Background Financial protection against the cost of unforeseen ill health has become a global concern as expressed in the 2005 World Health Assembly resolution (WHA58.33), which urges its member states to "plan the transition to universal coverage of their citizens". An important element of financial risk protection is to distribute health care financing fairly in relation to ability to pay. The distribution of health care financing burden across socio-economic groups has been estimated for European countries, the USA and Asia. Until recently there was no such analysis in Africa and this paper seeks to contribute to filling this gap. It presents the first comprehensive analysis of the distribution of health care financing in relation to ability to pay in Ghana. Methods Secondary data from the Ghana Living Standard Survey (GLSS) 2005/2006 were used. This was triangulated with data from the Ministry of Finance and other relevant sources, and further complemented with primary household data collected in six districts. We implored standard methodologies (including Kakwani index and test for dominance) for assessing progressivity in health care financing in this paper. Results Ghana's health care financing system is generally progressive. The progressivity of health financing is driven largely by the overall progressivity of taxes, which account for close to 50% of health care funding. The national health insurance (NHI) levy (part of VAT) is mildly progressive and formal sector NHI payroll deductions are also progressive. However, informal sector NHI contributions were found to be regressive. Out-of-pocket payments, which account for 45% of funding, are regressive form of health payment to households. Conclusion For Ghana to attain adequate financial risk protection and ultimately achieve universal coverage, it needs to extend pre-payment cover to all in the informal sector, possibly through funding their contributions entirely from tax, and address other issues affecting the expansion of the National Health Insurance. Furthermore, the pre-payment funding pool for health care needs to grow so budgetary allocation to the health sector can be enhanced. PMID:21708026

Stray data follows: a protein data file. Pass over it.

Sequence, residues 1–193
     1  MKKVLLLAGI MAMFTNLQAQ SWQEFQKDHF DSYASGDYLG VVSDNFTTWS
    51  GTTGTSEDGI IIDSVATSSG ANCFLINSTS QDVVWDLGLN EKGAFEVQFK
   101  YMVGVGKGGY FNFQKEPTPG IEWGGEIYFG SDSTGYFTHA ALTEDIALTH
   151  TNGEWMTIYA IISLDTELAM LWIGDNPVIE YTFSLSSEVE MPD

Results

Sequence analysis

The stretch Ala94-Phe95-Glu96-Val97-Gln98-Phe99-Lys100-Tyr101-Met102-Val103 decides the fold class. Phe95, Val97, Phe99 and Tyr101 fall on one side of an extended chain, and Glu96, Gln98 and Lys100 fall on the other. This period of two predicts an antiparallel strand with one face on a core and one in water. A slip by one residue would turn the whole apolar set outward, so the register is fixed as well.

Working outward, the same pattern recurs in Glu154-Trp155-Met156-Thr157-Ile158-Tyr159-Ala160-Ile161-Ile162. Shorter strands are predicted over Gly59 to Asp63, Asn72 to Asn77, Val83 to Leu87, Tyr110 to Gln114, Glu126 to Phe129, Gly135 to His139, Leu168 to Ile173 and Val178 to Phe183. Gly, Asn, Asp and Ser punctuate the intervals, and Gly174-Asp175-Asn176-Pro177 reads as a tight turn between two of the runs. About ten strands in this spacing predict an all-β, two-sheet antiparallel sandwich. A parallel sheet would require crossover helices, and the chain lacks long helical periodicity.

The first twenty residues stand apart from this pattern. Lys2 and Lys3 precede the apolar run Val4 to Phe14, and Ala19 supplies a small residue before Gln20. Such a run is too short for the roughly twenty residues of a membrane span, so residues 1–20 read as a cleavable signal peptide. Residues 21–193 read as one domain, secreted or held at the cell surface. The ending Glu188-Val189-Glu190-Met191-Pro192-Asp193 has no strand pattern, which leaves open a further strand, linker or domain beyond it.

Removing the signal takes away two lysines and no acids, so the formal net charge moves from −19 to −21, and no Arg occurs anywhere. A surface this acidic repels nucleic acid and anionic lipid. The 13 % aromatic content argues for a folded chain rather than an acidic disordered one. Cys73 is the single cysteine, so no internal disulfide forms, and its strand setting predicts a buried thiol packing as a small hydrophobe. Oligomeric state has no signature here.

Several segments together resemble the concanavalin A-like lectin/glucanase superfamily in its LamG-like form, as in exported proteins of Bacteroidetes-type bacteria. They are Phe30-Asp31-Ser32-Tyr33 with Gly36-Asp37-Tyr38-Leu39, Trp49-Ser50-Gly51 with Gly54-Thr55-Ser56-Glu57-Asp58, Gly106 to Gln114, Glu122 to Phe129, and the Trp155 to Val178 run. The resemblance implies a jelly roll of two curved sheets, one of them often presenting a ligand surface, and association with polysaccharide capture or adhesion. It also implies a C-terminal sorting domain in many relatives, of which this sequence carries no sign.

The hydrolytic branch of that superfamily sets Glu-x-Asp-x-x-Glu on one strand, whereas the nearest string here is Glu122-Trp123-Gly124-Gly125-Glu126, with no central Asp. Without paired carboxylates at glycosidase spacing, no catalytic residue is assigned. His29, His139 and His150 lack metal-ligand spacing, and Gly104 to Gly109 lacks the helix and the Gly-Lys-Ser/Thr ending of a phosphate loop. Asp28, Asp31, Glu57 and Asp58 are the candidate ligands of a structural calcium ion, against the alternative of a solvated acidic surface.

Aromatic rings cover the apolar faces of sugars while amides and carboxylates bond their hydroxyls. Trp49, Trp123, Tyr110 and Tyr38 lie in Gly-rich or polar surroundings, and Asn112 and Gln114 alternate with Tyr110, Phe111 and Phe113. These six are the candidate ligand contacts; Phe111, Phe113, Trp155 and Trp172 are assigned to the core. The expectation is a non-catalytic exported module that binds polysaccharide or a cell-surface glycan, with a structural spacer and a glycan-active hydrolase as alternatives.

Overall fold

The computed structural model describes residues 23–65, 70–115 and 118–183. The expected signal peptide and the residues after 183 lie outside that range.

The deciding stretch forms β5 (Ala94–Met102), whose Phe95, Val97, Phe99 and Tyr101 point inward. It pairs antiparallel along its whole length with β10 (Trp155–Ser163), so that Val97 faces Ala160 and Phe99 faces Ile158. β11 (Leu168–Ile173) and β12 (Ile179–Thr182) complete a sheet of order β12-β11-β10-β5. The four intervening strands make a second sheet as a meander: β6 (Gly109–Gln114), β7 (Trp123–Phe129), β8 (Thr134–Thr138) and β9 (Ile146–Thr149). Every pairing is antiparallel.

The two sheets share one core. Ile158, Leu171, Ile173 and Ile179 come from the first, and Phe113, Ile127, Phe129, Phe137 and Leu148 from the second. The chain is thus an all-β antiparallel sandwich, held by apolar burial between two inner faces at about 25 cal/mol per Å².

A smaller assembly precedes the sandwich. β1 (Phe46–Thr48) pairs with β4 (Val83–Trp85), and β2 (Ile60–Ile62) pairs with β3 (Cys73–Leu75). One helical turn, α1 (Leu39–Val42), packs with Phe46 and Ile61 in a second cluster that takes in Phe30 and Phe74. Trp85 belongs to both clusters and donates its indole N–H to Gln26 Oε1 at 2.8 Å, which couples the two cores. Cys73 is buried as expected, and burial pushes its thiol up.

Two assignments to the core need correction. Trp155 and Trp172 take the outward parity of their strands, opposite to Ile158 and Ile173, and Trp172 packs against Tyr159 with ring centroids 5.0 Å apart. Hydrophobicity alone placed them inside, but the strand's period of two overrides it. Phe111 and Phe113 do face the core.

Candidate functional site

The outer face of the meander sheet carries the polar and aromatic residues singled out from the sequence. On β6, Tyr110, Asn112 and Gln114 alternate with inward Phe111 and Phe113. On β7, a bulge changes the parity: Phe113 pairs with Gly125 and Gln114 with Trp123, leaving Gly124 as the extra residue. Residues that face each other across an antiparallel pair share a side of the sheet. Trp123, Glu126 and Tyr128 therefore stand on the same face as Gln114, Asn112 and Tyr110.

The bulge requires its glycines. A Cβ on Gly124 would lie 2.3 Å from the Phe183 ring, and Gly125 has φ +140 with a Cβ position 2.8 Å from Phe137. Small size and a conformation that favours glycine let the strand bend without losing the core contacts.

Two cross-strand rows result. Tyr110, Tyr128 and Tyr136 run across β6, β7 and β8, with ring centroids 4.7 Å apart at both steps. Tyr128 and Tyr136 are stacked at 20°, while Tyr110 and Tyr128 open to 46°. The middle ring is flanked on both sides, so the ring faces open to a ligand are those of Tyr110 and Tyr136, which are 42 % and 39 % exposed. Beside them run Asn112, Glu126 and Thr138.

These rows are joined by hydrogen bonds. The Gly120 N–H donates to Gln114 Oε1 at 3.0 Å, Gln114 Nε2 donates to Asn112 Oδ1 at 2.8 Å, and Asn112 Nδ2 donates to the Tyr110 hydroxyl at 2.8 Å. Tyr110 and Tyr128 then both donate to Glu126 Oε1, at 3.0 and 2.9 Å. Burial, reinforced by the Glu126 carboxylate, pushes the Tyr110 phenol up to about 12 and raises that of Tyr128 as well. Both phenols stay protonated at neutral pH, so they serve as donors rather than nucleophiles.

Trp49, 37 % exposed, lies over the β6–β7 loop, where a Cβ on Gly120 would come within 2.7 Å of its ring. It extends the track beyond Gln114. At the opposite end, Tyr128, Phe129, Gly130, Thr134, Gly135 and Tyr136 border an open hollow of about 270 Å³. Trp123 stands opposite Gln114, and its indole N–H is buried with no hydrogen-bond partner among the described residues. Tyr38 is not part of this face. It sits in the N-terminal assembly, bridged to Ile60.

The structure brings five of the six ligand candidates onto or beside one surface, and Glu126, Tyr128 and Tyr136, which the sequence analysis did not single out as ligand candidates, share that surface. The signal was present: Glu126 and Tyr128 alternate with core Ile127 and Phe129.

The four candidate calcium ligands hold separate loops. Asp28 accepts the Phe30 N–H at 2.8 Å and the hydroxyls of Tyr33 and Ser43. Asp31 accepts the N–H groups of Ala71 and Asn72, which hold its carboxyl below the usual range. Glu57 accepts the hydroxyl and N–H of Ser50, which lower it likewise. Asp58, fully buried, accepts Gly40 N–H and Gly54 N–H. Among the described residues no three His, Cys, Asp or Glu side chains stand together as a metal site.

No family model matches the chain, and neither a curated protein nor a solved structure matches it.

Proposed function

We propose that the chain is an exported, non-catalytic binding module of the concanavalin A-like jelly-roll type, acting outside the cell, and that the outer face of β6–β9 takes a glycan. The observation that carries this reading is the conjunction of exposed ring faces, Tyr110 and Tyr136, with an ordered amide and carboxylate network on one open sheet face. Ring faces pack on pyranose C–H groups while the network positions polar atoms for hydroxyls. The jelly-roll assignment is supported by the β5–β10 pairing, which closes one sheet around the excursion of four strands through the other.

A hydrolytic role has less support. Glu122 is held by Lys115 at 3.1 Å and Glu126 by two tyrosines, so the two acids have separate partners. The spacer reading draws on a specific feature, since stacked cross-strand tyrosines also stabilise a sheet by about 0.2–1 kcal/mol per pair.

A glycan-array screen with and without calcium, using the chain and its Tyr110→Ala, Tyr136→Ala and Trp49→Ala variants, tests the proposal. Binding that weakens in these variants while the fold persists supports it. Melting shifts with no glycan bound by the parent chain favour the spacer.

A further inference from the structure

Microbial and/or chemical contaminants can infiltrate into piped water systems, especially when the system is intermittent. Ghana has been suffering from aged and intermittent piped water networks, and an added barrier of ...
Yang, Shengkun, M. Eng. Massachusetts Institute of Technology
Tissue and swab samples from 551 wild birds collected in Ghana (October-November 2007) were assayed for alphaviruses, flaviviruses, and influenza A viruses using polymerase chain (PCR) techniques. One pool sample tested positive for Flavivirus RNA...
Williams, Richard A.J.; Vá zquez, Ana; Asamte, Ivy; Bonney, Kofi; Odoom, Shirley; Puplampu, Naiki; Ampofo, William; Sá nchez-Seco, Marí a Paz; Tenorio, Antonio; Peterson, A. Townsend